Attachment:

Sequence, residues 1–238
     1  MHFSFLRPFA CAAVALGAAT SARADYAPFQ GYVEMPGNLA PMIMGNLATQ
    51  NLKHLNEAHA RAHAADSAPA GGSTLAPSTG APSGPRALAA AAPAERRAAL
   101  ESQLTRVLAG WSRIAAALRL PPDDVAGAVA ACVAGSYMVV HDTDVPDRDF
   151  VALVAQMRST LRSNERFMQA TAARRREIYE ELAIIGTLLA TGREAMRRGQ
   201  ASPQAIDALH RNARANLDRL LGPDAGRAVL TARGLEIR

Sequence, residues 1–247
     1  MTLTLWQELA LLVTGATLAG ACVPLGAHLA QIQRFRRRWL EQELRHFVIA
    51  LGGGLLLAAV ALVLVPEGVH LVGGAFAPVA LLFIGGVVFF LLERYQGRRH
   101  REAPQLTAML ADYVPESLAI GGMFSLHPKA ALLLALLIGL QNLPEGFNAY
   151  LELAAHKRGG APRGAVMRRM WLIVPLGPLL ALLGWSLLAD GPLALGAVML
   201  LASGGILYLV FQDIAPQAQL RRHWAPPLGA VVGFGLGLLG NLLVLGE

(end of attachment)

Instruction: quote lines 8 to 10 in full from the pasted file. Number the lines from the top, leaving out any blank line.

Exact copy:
     1  MTLTLWQELA LLVTGATLAG ACVPLGAHLA QIQRFRRRWL EQELRHFVIA
    51  LGGGLLLAAV ALVLVPEGVH LVGGAFAPVA LLFIGGVVFF LLERYQGRRH
   101  REAPQLTAML ADYVPESLAI GGMFSLHPKA ALLLALLIGL QNLPEGFNAY